4. Hillary+. Lots of ideas the left likes–increased government spending, increased borrowing, free colleges, student loan forgiveness–implemented with the support of most of the Democratic party and parts of the Republican.

All of these are possible. The first is less likely and the last more likely than most commenters, especially on the left, think. The belief that Trump is crazy is based on his performance during the campaign, repeatedly doing things that would obviously result in his losing. Since they resulted in his winning, one has to revise that judgement and consider that perhaps he is crazy like a fox. 

The belief that he is a right winger is also based on his performance during the campaign. There too, the fact that it worked suggests that his positions may have been tactical, not ideological. We do not know what ideological beliefs, if any, he actually has. Things he has said in the years before are at least equally consistent with viewing him as center left.

That is half of the argument for the final possible Trump. The other half is George Bush. Bush was elected as a conservative. He proceeded to sharply increase spending, the deficit, and government control over education. Spending money is generally popular, lowering taxes is generally popular, and there are usually political points to be made by "doing something" about whatever people at the moment want something done about.

My guess is that the two least likely outcomes of the election are the first and worst and the third and best.

Wednesday, November 09, 2016

Silver Lining?

This was not my least bad among the possible electoral outcomes. But now that it has happened, it is worth looking at whether anything good might come of it. I see three possibilities:

1. Trump might turn out to be better than I expect. Judging by the campaign, he is a skilled demagogue with no particular political principles of his own, which makes him a high variance actor. Looking at his list of what he plans to do in his first hundred days, it is a mix of things I am strongly opposed to, such as restrictions on trade and immigration, and things I am strongly in favor of, such as support for school vouchers and legalizing the sale of health insurance across state lines. Trump might decide, for reasons of politics or ego, to act mostly on the ones I like. One can always hope.

2. One of the problems which I think partly explains Trump's victory is the arrogance and condescension of the coastal elites towards "flyover country." In one online exchange, someone responded to that point by explaining that they were just acting that way because the people they treated that way were all racists and misogynists (by memory, so not verbatim), thus nicely illustrating the problem. Arguing climate issues online, I am struck by how poor the scientific understanding is of most of the people on both sides, including the ones who imagine that they are the upholders of science against the deniers thereof.

With luck, Trump's victory will jolt some of those people into rethinking their self-image as the ruling elite. For a first step in that direction, from just before the election, consider Cass Sunstein's proposed reading list for liberals, books intended to let them see that there exist serious critiques of their views. I will forgive Cass for not including anything of mine since he starts the list with Seeing Like a State, a good and interesting book by someone who makes it clear that he isn't a libertarian–while writing things that libertarians will very much like.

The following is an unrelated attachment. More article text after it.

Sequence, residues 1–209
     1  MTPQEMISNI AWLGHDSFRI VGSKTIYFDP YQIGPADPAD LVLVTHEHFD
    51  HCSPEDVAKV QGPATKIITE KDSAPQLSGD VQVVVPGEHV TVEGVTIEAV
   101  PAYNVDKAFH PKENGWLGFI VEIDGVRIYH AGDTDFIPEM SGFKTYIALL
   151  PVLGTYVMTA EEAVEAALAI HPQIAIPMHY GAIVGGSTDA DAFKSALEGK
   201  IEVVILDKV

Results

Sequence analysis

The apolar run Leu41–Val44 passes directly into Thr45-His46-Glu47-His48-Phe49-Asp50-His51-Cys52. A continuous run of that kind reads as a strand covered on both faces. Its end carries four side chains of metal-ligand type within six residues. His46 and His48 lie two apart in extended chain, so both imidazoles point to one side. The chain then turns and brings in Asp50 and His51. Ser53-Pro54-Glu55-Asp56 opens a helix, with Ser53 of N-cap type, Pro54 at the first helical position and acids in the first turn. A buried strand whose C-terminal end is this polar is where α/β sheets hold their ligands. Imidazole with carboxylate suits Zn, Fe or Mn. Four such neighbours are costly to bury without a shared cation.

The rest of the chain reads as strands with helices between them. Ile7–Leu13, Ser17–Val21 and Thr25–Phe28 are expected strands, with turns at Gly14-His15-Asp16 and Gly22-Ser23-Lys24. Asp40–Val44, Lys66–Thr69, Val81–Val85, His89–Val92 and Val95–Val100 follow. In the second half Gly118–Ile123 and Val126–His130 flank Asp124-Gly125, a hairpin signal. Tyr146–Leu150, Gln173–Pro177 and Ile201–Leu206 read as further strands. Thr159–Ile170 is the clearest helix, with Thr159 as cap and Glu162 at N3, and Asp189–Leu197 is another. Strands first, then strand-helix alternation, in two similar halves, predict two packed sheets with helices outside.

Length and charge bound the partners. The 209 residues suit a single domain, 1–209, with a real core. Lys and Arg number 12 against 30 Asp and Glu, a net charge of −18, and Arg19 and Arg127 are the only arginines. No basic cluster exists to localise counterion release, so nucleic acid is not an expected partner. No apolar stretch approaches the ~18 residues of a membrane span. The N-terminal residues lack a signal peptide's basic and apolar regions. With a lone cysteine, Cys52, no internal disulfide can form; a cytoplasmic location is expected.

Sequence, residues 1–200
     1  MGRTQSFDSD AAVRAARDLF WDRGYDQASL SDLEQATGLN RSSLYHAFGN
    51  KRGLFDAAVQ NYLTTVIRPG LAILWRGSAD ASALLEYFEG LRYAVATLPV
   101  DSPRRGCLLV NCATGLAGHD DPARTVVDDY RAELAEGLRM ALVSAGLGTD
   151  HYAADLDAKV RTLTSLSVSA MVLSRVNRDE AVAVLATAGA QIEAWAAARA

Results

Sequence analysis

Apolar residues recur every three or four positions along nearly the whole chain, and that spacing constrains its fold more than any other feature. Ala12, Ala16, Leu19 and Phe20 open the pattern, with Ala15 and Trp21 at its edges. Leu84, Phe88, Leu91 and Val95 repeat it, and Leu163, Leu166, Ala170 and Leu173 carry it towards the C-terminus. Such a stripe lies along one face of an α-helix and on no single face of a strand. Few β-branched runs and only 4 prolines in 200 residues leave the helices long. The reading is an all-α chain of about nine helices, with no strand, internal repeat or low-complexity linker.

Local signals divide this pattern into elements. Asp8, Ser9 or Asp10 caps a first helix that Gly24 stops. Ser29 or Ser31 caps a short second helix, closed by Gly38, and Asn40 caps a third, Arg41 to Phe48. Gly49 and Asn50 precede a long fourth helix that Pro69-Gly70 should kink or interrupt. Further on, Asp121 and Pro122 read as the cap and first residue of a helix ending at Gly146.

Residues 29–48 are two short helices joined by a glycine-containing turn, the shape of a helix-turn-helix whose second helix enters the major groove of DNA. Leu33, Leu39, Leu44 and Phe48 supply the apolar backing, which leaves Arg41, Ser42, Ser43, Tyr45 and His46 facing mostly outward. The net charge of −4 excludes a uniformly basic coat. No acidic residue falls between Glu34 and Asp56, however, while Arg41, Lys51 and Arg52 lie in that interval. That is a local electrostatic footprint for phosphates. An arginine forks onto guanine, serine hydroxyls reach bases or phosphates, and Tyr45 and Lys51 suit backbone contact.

3. If, contrary to my hopes in 1 above, Trump continues with the positions that won him the nomination and the election, that will mean a Republican party less friendly to libertarian views. That plus Trump's victory might make the Democrats willing to think seriously about how to pull libertarian voters into their coalition, something I have been hoping for for a long time.

Tuesday, November 08, 2016

Wishful Thinking on Election Night

I have been saying for some time that the least bad outcome there is any reasonable chance of getting from this unfortunate election is Hilary Clinton in the White House but both houses of congress held by the Republicans. It occurred to me that one possible way of getting there would be if Trump voters, including ones not normally Republican, voted for the whole ticket, while anti-Trump Republicans confirmed their party loyalty by voting for every Republican on the ticket other than Trump.

I am posting this now as results are just beginning to come in so that if it turns out that way, which seems unlikely but not impossible, I can claim to have predicted it--or at least raised the possibility. One early result that might be a tiny bit of evidence is the early vote in Ohio, which shows the Republican senator believed to be at risk being reelected by a sizable margin while Clinton leads Trump, also by a sizable margin, although apparently not enough for the news organizations to have called the race yet.

Friday, November 04, 2016

Ruins in the Southwest, a Query

I am currently working on a book on legal systems very different from ours, one chapter of which deals with the Plains Indians. One of my sources is an account by someone who was captured by Comanche, spent three years as their slave, and eventually escaped. It contains a description of some elaborate ruins that he claims to have observed.